My first job out of college was as an entry-level research associate at a health care consulting firm. I wrote glossy briefs for CEOs and COOs of hospitals, pharmaceutical companies, and insurance firms, answering their questions on wide-ranging issues from how to alleviate emergency department overcrowding to how to cut costs with disease management programs. Usually, I had two days to scour the Internet and interview sources before producing a memo of highlights that could be skimmed by a busy executive between meetings.
At my first performance review, my manager told me that my analysis and writing were excellent; but I “wasted” too much time looking for references. I would be more productive if I filled out the templates without trying so hard to validate new data. Time is money, she emphasized.
I left that job in less than 6 months. I couldn't accept that money should wield so much power, especially in health care, which I thought was about taking care of sick people. My short stint in the for-profit world taught me that business is never personal and always about the bottom line.
I returned to academia to study health care policy. I remember attending a debate between Professor Jeffrey Sachs, the leading international economic advisor of this generation, and the vice president of marketing from PhRMA, the pharmaceutical industry’s lobbying group. The debate was about providing AIDS medications to developing nations at lower cost. The audience was predominantly sympathetic to Dr. Sachs’ position that it was the moral responsibility of wealthy drug companies to lend a hand in the AIDS crisis. We were all there to watch a brilliant mind squash a greedy corporate entity.
Unexpectedly, the VP stole the show. Stunningly beautiful and flawless in a gray tailored suit, she started off with a self-deprecating joke and a string of accolades for Dr. Sachs, which made him smile. She deftly parried his arguments with her own research and talking points. The VP knew how to communicate to an audience unfamiliar with the industry’s inner workings. She broke down technical ideas and told stories; tied her points to basic principles like merit and fairness; and reframed all the classic human rights arguments in such a way that her clients’ position seemed reasonable. Without ever attacking Dr. Sachs, she made him seem like an out-of-touch academic who didn’t know how things really worked outside the ivory tower. The performance was impressive. After the debate, the won-over audience crowded around the VP to get her business card. It was the 1% charming the 99%. For a moment, I wondered if I could affect more change in the health care system if I returned to the private sector…despite my former experience preparing slapped together briefs that probably was the core of the VP’s presentation.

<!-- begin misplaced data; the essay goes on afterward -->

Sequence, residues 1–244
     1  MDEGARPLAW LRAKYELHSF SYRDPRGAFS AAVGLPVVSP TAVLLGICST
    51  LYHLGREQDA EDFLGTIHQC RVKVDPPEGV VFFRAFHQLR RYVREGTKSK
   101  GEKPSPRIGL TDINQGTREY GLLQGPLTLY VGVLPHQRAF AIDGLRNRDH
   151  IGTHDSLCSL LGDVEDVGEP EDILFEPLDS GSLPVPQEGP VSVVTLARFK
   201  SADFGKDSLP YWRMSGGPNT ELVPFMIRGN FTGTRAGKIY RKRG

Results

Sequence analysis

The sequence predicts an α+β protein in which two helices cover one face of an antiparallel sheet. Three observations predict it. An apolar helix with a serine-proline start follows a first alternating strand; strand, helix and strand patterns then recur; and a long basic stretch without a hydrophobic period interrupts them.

Instead, I moved further away from the corporate world and became a doctor. From this new angle, I watched the practice of medicine and the pharmaceutical industry grow increasingly interdependent. Industry has the resources. Scientists have the techniques. Doctors have the network of colleagues and the patient base. They all relied on each other in essential ways to make medical progress. Furthermore, with managed care, malpractice insurance, and student loans cutting into physician income, industry’s generous honorariums for “educators” and “consultants” to help shape product development became more attractive to doctors. I worried about my profession being seduced by the slickness of business, and by the money. I had seen how easily it could happen.
Last year, I attended a professional conference replete with bottomless coffee pots, sit-down lunches with silver utensils, free Wi-Fi on the premises, schedule and program apps, multimedia presentations, and a golf tournament. Corporate signs lined the hallways, not advertising any specific product, but with colorful logos announcing the companies that gave “unrestricted educational grants.” Some of the most well-attended symposiums featured a panel of top researchers in the field, sharing their latest findings. The sponsoring company’s reps hovered over the attendees, chatting pleasantly, making their business cards abundantly available. I remember the very nice lady who made me her project. We spoke about the weather and where I was from before she seamlessly transitioned to whether I knew my district’s rep and what brands my hospital used in the operating rooms. I was on guard, but she was decidedly friendly, attentive, and professional. The interaction made me feel so uncomfortable that I left my filet mignon unfinished and skipped dessert.
Rather than boosting my ego, this lavish display reinforced for me that the problem with our health care system isn’t scarcity of resources. It's that we have a lousy way of distributing what we have. Cancer patients are on waiting lists for chemotherapy drugs restricted due to a national shortage. Uninsured patients can’t get indicated diagnostic tests in a timely manner. Outdated equipment in public hospitals provide substandard care. Yet, industry invests so much time, money and effort to entice doctors to develop loyalty to their brand or win over policymakers by appealing to their sensibilities. It felt so obvious to me that money, flattery and luxury were being used to obscure my mission – to care for the sick.
Having experienced both sides of the game, I no longer question money’s seductive power in health care. I am wary as I pick through the minefield.